I have recently worked on a windows application that consists of multiple services communicating with each other through D-Bus. Each service could run as a console app and during development this is how we were using them. The problem was that managing 7 console windows is not an easy task especially when you have to start and stop them frequently. This application I am posting now is a simple tool that allows running console apps in a tabbed layout, and allows shutting them down gracefully through sending them Ctrl-C.
Most of the application is quite trivial although the bit that sends the process a Ctrl-C took me quite some time to figure out. Unfortunately it seems that there is no elegant way to send a Ctrl-C to a process from code but more on this a bit later.
So this application is written in C# .NET using WinForms. It uses an XML config file which is called ConsoleLauncher.conf by default (if no other config file is specified as command line argument). The config file should look like this:
&lt;!-- Configuration file for the Console Launcher --&gt; &lt;ConsoleLauncherConfiguration&gt; &lt;Service Path=&quot;&quot; Executable=&quot;TestService.exe&quot; Arguments=&quot;&quot; ProcessName=&quot;Test Service 1&quot; StartDelay=&quot;2000&quot; /&gt; &lt;Service Path=&quot;&quot; Executable=&quot;TestService.exe&quot; Arguments=&quot;&quot; ProcessName=&quot;Test Service 2&quot; StartDelay=&quot;2000&quot; /&gt; &lt;Service Path=&quot;&quot; Executable=&quot;TestService.exe&quot; Arguments=&quot;&quot; ProcessName=&quot;Test Service 3&quot; StartDelay=&quot;2000&quot; /&gt; &lt;Service Path=&quot;&quot; Executable=&quot;TestService.exe&quot; Arguments=&quot;&quot; ProcessName=&quot;Test Service 4&quot; StartDelay=&quot;2000&quot; /&gt; &lt;/ConsoleLauncherConfiguration&gt;
The application creates a separate process from each <Service/> element. The Path, Executable and Arguments tags speak for themselves. The ProcessName tag defines what tag will appear on the tab in the application. StartDelay defines how much to wait before starting the process (in milliseconds). The processes are started in the same order as they appear in the config file, so if Service #2 has a StartDelay of 2 seconds it delays all the services that stand after in in the conf file. In the above example the fourth service starts with 8 seconds delay altogether.
This is how it looks when it is up and running:
The app can make difference between messages sent to stderr and stdout, stdout appears in white and stderr appears in yellow. It has an internal buffer of 1000 lines so that it will not start using huge amounts of memory if left running over the weekend. The size of the buffer can be changed in the source code (I think I should allow setting this size from the config file – probably in the next version).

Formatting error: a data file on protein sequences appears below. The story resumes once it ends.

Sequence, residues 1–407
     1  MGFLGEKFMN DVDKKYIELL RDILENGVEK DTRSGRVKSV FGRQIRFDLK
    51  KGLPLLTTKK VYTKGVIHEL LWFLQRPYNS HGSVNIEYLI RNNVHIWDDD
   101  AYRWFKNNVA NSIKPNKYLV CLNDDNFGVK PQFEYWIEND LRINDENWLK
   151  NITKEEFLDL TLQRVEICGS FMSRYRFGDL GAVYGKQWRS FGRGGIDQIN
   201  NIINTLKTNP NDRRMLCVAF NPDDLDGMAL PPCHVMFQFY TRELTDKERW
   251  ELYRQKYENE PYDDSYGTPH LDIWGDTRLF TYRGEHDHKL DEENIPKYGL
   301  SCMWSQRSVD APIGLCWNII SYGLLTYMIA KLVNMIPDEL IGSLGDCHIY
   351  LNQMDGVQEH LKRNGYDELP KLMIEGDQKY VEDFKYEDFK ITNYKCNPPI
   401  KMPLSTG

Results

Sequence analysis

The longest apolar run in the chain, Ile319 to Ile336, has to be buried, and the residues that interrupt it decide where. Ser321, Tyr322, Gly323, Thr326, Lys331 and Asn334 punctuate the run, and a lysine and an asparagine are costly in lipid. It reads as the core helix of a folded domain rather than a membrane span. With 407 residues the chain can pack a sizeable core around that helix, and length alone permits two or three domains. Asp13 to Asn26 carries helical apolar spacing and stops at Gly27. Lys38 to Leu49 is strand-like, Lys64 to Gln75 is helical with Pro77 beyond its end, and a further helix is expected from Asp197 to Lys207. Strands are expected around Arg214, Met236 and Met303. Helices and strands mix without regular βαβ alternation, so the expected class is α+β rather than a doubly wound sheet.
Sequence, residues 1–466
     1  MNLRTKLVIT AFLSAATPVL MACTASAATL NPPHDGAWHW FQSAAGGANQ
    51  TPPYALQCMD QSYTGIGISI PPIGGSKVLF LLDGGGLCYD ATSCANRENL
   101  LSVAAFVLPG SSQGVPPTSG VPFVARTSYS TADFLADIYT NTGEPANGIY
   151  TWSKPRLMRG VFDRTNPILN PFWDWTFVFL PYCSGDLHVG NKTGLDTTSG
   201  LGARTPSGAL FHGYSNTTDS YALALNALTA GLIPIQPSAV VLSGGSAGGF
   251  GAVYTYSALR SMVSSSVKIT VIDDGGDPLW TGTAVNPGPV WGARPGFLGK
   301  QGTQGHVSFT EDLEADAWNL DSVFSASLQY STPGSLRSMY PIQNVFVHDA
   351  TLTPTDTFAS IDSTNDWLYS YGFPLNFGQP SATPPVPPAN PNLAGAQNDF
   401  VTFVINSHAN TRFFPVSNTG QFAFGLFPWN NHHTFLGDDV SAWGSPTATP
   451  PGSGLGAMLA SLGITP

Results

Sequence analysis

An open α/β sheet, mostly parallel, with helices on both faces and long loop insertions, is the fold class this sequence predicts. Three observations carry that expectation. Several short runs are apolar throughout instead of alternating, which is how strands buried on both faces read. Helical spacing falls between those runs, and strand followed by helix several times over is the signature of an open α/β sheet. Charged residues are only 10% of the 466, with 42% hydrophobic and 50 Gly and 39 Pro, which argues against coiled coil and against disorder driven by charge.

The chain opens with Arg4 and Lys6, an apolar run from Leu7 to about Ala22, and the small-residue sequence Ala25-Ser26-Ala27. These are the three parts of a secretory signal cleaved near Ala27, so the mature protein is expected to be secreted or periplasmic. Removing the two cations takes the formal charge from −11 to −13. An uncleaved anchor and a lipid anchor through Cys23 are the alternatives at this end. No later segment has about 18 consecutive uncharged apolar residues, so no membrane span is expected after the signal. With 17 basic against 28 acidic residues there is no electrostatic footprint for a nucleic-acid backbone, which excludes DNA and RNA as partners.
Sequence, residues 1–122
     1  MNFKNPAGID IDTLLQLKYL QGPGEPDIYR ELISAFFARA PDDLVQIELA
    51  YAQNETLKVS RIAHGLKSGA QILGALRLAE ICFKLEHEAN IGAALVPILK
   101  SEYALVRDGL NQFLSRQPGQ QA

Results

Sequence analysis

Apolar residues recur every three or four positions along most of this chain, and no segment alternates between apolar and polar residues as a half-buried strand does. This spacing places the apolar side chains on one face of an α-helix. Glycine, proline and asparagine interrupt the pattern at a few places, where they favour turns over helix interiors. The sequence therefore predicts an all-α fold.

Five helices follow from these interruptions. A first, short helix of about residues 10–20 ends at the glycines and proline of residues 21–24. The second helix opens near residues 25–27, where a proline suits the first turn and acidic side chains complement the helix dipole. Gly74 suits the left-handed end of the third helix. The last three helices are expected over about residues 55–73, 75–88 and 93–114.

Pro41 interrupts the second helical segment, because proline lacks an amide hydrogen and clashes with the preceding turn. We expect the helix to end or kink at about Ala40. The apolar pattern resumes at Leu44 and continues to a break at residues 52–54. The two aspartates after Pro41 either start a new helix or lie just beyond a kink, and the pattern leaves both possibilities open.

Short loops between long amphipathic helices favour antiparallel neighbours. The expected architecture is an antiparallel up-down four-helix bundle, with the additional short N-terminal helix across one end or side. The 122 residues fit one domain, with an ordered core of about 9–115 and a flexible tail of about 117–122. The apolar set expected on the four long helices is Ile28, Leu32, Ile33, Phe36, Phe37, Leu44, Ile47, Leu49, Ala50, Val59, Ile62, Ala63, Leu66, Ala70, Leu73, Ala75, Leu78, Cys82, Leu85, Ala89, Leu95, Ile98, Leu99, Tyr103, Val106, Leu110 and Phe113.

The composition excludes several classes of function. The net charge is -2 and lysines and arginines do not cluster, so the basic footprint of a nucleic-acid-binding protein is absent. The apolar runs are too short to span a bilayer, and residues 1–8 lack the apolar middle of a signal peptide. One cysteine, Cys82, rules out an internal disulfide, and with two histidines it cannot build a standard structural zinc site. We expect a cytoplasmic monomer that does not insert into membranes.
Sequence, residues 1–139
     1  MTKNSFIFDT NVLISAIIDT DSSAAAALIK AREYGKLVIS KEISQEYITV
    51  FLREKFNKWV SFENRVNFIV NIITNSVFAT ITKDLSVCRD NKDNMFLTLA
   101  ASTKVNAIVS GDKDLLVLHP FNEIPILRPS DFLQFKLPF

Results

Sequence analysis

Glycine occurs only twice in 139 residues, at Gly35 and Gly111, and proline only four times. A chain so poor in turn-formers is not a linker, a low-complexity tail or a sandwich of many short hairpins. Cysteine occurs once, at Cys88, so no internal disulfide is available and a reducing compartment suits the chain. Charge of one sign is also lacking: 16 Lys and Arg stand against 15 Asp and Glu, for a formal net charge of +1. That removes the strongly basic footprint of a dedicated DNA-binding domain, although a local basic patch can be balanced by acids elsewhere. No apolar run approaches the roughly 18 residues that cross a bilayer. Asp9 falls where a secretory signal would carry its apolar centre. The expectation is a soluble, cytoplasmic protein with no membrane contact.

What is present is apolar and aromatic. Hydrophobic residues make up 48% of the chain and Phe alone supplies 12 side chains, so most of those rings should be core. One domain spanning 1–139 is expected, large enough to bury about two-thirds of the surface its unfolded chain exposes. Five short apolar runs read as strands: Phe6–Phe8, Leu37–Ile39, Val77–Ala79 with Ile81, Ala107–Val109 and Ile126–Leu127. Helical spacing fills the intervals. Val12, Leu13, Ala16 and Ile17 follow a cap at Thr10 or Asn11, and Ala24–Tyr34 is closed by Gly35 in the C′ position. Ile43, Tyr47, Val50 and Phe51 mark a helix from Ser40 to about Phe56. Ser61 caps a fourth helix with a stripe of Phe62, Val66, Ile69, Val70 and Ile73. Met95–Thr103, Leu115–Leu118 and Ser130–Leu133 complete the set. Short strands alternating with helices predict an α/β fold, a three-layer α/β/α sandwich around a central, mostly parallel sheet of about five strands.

The app offers three different ways of stopping each process:
- send Ctrl-C to the process,
- kill the process,
- kill all processes with the same name.
#3 is a safety feature, just in case one of the services could not stop before it offers a way to get rid of all running instances.
#1 is the most interesting part though, it offers a way to gracefully shut down your service by sending it a Ctrl-C keystroke. Now this is the least trivial feature of the application because it requires an external process to work properly.
On Windows sending a Ctrl-C can be done by the GenerateConsoleCtrlEvent syscall, but for some reason it does not work properly if you pass the PID of the target process to it. Instead you should attach to the console process by the AttachConsole syscall first, and then call GenerateConsoleCtrlEvent with PID=0 – but this will kill the sender process too unfortunately. So it appears that there is no other easy way around this, the Ctrl-C has to be sent from an external process if we want to keep our main application alive. This is why this applicaion has a secondary executable called SendCtrlC.exe. It takes the pid of the target app as a command line argument and sends a Ctrl-C to it.
Here is the main bit of the code:
// ... AttachConsole(processId); GenerateConsoleCtrlEvent(ConsoleCtrlEvent.CTRL_C, 0); // ...